News for Immediate Release
Sept. 13, 2023
Contact: Katie McKalip, 406-240-9262, [email protected]
Legislation heeds the calls of hunters, anglers for Congress to expediate cleanup of old mining sites
WASHINGTON – Senate legislation introduced in the 118th Congress today, the Good Samaritan Remediation of Abandoned Hardrock Mines Act, would facilitate the cleanup and restoration of public lands and waters negatively impacted by past mining activities.
Backcountry Hunters & Anglers, along with other hunting and angling groups, have resoundingly urged Congress to provide a path forward for interested entities to tackle cleanup projects of public lands mining sites without assuming liabilities. Introduced by Sens. Martin Heinrich (D-NM) and Jim Risch (R-ID), the bill would authorize a pilot program that allows a limited number permits for “Good Samaritans” to carry out remediation projects on abandoned mine sites over the next seven years.
Hunters and anglers have long advocated for Good Samaritan legislation to address acid mine drainage that compromises the health of public lands and waters and fish and wildlife populations. Currently, only the Environmental Protection Agency has the authority to treat discharged mine water from abandoned mine sites, leaving entities wishing to clean up mining sites permanently liable for the site and any remaining pollution. Giving these entities the ability to restore these sites will help address remediation of many of the thousands of smaller abandoned mines that are not a priority for the EPA.
Original cosponsors include Sens. Mike Crapo (R-ID), Ben Ray Lujan (D-NM), Jon Tester (D-MT), Steve Daines, (R-MT), Michael Bennet (D-CO), John Hickenlooper (D-CO), John Barrasso (R-WY), Cynthia Lummis (R-WY), Mark Kelly (D-AZ), Kyrsten Sinema (I-AZ), Catherine Cortez Masto (D-NV), Jacky Rosen (D-NV), John Thune (R-SD), Kevin Cramer (R-ND), John Boozman (R-AR), Dan Sullivan (R-AK) and Ron Wyden (D-OR).
“We thank Senators Heinrich and Risch for their stalwart effort on this commonsense legislation that would facilitate the cleanup of abandoned hardrock mines,” said John Gale, BHA vice president of policy and government relations. “By addressing liabilities that have long prevented Good Samaritans from restoring degraded public lands and waters, we all stand to gain.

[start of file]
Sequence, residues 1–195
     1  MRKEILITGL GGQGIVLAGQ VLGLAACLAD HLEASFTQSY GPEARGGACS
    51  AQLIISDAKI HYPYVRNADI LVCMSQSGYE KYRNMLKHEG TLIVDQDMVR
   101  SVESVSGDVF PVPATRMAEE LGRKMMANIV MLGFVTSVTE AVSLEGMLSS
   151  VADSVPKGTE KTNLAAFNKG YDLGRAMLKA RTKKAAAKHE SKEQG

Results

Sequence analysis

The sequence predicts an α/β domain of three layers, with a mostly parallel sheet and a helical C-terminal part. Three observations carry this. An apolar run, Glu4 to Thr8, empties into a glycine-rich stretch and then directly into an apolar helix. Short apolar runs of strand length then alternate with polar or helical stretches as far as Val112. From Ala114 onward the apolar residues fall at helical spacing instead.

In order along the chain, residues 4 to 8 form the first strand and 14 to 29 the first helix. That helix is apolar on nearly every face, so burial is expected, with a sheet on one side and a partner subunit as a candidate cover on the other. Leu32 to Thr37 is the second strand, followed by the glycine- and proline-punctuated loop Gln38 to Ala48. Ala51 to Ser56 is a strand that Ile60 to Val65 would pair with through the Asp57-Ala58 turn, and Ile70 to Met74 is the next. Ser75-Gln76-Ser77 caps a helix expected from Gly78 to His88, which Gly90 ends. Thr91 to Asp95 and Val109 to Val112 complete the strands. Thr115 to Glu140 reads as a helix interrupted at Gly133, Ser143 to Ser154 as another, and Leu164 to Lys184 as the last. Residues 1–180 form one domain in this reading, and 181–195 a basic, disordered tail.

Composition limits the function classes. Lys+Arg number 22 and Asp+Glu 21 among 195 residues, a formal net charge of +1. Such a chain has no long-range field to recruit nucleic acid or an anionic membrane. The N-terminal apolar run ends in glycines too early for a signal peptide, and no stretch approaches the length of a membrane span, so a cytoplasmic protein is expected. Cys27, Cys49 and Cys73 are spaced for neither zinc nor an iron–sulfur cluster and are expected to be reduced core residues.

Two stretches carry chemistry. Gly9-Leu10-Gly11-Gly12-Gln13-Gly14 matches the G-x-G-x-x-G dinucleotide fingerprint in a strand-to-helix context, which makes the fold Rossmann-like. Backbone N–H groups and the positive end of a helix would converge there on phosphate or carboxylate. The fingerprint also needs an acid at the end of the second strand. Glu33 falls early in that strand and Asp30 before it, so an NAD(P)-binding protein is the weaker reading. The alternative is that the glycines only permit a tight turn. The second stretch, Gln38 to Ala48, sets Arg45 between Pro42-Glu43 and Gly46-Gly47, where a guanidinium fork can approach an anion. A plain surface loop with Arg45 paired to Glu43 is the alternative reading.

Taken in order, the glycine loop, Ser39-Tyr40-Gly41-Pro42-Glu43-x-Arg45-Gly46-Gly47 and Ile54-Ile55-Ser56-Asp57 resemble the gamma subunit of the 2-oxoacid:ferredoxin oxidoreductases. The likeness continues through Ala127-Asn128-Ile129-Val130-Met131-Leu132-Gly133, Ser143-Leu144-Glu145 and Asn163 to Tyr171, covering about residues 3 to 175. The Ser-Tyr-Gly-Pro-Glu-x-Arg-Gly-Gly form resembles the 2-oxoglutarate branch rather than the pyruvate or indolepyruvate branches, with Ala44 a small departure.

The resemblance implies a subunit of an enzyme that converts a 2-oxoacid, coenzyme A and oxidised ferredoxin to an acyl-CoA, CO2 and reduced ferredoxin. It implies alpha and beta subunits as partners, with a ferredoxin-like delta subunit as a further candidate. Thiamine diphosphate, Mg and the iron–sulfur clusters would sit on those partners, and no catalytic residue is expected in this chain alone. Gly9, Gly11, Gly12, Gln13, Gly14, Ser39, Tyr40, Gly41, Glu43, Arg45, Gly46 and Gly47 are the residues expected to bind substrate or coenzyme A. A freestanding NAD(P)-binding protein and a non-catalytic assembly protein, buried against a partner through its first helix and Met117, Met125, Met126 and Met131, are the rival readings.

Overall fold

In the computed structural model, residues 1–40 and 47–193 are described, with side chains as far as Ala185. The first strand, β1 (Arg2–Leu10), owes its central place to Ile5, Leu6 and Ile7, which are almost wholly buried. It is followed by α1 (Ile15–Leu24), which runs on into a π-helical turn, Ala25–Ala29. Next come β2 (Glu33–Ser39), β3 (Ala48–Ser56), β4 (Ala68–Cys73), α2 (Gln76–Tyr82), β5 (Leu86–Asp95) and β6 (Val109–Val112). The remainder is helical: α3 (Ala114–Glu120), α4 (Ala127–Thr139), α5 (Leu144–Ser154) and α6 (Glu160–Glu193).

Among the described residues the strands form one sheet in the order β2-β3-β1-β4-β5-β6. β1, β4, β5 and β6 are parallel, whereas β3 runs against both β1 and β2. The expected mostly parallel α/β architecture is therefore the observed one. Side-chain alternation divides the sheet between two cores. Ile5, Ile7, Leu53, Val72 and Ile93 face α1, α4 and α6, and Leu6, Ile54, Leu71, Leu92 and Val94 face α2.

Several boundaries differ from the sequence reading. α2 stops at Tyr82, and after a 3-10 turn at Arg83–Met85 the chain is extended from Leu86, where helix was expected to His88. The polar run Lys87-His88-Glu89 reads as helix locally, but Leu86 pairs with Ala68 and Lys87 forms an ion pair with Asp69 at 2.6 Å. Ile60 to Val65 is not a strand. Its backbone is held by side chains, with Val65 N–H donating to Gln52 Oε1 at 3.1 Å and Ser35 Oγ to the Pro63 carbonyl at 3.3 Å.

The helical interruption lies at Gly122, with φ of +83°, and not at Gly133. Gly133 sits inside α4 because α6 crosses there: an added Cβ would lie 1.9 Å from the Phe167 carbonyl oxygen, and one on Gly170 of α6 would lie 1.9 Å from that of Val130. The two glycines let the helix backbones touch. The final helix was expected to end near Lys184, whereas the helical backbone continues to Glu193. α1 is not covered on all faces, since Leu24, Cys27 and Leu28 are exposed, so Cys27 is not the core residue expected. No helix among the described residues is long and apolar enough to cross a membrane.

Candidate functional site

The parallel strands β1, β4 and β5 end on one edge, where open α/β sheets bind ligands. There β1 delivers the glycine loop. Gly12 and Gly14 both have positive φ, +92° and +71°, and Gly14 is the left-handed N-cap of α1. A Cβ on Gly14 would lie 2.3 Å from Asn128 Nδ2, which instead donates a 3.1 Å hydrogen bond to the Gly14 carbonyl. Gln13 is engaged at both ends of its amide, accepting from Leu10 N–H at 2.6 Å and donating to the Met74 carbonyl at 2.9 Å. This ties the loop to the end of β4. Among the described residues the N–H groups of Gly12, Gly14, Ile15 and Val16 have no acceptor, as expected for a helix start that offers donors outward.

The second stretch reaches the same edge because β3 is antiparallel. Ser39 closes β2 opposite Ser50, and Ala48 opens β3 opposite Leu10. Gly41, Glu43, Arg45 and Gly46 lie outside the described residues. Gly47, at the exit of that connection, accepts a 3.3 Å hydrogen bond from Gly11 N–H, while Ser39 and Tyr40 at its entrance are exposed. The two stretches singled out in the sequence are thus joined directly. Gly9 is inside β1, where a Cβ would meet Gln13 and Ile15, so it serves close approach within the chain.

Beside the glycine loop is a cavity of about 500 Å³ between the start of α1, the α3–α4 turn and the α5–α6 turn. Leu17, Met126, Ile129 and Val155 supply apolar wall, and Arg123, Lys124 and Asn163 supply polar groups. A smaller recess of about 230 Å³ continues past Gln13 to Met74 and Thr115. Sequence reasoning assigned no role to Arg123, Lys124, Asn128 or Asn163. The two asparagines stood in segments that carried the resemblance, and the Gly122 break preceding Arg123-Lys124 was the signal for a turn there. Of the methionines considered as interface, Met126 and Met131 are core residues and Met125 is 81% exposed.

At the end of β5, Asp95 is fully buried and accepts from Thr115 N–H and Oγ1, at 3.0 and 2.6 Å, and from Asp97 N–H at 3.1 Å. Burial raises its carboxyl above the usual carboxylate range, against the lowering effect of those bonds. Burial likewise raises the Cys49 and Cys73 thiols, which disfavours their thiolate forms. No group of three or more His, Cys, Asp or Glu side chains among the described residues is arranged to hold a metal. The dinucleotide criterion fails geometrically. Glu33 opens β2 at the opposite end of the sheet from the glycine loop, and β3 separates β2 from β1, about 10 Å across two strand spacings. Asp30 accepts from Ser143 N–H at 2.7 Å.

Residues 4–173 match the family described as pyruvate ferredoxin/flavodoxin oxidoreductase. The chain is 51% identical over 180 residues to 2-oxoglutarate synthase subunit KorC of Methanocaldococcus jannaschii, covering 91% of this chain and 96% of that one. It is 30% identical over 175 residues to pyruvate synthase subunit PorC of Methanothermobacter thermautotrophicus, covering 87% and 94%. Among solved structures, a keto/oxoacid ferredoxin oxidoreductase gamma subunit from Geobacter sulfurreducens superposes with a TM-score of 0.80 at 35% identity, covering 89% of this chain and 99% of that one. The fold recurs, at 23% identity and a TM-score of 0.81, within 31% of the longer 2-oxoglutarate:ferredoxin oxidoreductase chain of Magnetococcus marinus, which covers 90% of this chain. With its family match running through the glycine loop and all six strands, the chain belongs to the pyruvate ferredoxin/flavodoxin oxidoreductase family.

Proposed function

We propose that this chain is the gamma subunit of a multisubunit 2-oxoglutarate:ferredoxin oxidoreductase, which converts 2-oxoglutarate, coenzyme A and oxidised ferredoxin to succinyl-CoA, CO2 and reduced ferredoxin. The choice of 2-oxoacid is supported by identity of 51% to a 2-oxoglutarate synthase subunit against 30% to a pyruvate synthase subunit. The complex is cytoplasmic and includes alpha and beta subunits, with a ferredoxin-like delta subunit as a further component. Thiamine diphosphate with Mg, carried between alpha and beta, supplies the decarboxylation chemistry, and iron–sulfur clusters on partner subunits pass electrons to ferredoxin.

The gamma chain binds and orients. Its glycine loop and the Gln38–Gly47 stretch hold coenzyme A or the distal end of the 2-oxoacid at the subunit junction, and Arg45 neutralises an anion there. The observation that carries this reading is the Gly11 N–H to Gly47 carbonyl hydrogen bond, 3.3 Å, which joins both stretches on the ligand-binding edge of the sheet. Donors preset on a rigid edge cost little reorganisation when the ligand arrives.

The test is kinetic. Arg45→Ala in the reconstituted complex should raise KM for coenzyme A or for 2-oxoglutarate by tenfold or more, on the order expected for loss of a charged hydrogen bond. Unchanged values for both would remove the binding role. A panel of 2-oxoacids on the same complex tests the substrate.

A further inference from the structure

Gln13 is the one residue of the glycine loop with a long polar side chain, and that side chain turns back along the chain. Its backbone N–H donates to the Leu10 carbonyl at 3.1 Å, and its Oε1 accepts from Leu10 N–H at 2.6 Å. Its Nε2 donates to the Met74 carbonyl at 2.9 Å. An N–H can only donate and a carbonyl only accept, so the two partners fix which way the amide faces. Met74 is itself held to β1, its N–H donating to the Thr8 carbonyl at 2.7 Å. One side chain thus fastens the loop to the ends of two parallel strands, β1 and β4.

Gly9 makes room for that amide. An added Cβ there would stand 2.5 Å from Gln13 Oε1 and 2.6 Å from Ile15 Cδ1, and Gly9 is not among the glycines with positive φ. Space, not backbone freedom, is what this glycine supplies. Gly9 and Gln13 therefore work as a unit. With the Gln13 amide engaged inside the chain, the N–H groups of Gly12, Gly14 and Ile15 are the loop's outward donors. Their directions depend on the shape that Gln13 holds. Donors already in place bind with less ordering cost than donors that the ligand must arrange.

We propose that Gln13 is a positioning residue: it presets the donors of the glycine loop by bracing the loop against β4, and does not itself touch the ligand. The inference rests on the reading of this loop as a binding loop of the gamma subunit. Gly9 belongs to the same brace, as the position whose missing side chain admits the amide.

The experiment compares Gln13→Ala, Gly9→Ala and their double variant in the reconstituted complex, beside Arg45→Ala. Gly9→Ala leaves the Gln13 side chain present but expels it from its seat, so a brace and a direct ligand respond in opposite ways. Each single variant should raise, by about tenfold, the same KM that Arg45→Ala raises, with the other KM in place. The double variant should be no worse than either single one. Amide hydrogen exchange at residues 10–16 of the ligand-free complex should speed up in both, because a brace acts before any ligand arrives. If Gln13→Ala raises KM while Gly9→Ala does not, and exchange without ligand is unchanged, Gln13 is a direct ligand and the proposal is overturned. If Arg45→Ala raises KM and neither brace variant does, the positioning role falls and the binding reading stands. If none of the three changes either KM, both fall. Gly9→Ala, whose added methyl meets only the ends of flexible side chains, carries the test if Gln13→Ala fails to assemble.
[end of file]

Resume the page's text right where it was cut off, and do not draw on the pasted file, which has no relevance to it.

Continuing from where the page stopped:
“With an estimated 33,0000 abandoned mines actively contaminating our rivers and streams,” Gale continued, “allowing conservation organizations and other entities to tackle these projects will benefit fish and wildlife habitat, generate new jobs, enhance hunting and fishing opportunities, and establish strong standards for restoration and stewardship of our natural resources.”
Today’s bill introduction follows yesterday’s release of a new report by the U.S. Department of the Interior-led Interagency Working Group on Mining Laws, Regulations and Permitting. Informed by tens of thousands of public comments, as well as numerous working group meetings with external stakeholders, the report outlines 65 recommendations for modernizing the country’s outdated mining system.
“The IWG believes that Congress should enact Good Samaritan legislation to facilitate abandoned mine land remediation,” the report reads. “Legislation should limit liability for any organization seeking to undertake the voluntary cleanup and closure of abandoned mine sites.”
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